One commenter wrote this on the thread “The Right to Defy Criminal Demands: High-priced Duties to Protect”.
It might be detrimental to the ability of lawyers to make money at crime victims if a costly “duty” is not imposed to warn them. My belief is that few lawyers will agree to terms which limit their ability to collect compensation from victims.
As a general matter, I appreciate the political economy / realism / cynicism point that people—including government officials and public commentators—often tend to act in their own self-interest (deliberately or subconsciously), or the interest of their professional or social tribe, even when they’re talking about the public interest. This is part of human nature.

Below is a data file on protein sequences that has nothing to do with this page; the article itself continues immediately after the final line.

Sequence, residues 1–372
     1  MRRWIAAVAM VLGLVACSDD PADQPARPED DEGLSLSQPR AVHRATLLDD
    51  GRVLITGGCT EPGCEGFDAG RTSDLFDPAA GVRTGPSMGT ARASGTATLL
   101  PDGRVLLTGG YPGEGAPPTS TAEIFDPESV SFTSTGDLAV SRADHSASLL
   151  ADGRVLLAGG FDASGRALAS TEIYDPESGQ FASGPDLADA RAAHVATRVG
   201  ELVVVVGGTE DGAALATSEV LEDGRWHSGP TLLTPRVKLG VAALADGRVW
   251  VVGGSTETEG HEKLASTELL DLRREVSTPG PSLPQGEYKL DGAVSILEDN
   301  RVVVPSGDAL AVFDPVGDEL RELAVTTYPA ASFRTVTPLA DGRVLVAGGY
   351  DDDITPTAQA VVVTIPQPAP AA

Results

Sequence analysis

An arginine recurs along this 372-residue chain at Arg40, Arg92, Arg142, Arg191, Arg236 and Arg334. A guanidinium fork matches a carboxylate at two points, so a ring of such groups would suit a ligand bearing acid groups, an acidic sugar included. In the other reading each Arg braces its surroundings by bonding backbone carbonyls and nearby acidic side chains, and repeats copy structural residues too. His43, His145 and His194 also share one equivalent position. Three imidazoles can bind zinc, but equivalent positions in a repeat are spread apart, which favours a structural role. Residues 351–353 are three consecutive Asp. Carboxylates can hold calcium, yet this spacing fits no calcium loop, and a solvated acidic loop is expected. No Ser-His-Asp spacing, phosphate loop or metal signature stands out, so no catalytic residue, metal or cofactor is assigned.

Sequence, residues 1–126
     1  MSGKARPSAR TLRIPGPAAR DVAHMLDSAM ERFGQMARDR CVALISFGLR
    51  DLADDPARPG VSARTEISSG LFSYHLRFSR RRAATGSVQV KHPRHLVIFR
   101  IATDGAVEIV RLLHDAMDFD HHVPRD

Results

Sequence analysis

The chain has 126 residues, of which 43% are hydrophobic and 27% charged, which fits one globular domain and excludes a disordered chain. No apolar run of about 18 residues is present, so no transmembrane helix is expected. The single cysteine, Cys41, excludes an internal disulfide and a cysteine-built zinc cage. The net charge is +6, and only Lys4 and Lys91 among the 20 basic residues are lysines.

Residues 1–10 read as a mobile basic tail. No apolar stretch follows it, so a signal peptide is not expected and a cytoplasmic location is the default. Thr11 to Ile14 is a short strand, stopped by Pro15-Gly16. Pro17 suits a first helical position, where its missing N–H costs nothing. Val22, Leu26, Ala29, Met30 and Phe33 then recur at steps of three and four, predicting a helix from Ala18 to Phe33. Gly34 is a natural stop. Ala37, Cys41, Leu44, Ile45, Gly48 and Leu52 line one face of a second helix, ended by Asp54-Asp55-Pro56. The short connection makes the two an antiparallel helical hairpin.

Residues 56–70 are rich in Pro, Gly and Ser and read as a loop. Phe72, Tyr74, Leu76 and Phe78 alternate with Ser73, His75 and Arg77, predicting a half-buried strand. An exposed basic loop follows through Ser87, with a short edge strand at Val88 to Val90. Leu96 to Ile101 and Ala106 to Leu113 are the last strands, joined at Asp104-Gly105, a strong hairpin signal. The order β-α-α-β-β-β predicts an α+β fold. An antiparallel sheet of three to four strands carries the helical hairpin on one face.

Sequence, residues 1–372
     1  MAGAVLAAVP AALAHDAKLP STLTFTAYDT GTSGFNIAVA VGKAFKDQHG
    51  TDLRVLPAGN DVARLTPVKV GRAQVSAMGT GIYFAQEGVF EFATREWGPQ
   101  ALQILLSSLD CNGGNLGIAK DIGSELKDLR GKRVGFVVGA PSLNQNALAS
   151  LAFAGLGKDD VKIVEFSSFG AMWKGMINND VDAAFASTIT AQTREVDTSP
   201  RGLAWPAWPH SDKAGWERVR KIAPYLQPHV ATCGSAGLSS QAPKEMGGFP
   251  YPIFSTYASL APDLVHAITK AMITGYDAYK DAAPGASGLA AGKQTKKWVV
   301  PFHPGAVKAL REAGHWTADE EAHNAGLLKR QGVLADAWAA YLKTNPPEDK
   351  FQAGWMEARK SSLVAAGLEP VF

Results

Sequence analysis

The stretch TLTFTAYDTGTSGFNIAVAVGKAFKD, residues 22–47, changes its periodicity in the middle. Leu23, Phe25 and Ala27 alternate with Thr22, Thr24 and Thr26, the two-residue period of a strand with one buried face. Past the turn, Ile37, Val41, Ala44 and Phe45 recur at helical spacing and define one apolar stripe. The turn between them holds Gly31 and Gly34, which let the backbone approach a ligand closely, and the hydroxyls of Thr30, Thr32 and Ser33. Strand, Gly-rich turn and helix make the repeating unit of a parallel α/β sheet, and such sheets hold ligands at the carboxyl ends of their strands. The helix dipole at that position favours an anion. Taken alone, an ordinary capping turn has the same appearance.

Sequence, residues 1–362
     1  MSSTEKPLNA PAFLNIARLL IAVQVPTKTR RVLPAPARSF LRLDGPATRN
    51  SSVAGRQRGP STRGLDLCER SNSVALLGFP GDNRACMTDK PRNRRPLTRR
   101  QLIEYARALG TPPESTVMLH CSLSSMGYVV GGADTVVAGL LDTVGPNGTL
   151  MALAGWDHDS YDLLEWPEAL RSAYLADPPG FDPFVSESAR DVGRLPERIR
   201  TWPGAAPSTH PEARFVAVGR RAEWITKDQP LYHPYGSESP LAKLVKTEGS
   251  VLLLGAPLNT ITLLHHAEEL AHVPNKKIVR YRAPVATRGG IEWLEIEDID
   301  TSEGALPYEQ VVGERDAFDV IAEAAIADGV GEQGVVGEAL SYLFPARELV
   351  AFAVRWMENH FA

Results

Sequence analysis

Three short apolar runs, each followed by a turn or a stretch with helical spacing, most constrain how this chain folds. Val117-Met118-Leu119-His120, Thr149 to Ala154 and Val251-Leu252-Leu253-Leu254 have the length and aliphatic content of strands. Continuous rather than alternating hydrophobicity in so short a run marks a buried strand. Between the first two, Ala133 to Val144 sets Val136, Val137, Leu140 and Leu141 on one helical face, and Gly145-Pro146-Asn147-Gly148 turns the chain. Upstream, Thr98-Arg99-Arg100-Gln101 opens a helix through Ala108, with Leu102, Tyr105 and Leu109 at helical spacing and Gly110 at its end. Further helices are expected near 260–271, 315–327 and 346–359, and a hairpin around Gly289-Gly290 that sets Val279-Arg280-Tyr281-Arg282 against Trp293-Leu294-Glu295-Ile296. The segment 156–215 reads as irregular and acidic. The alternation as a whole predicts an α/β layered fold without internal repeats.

However, it seems human nature is to generalize on such matters in ways that are inconsistent with facts. The comment that I have quoted above shows that. Businesses are interested in the limitation of tort liability, and many lawyers have worked as business defense counsel. Many people have supported and opposed tort reform, even lawyers. If we examine the tort law overall, which is mainly authored by former judges (participant in this article), there are quite a few rules that limit liability and some rules that enable liability.
It is not easy to be a lawyer. We should be realistic about such incentives, by all means—but really realistic.
(This title was shamelessly stolen from Karl Llewellyn who used it in an entirely different context.